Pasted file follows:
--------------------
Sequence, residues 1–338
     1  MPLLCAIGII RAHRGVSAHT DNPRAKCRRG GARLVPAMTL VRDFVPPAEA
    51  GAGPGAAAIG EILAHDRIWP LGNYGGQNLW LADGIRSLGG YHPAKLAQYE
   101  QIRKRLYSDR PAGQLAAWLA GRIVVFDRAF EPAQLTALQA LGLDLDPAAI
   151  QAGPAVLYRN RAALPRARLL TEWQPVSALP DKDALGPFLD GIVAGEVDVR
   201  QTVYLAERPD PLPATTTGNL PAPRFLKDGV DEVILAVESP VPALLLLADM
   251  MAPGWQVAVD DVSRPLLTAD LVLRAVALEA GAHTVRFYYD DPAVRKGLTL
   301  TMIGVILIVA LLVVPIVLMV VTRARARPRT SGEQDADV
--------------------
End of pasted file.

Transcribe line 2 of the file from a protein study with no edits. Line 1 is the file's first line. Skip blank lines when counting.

     1  MPLLCAIGII RAHRGVSAHT DNPRAKCRRG GARLVPAMTL VRDFVPPAEA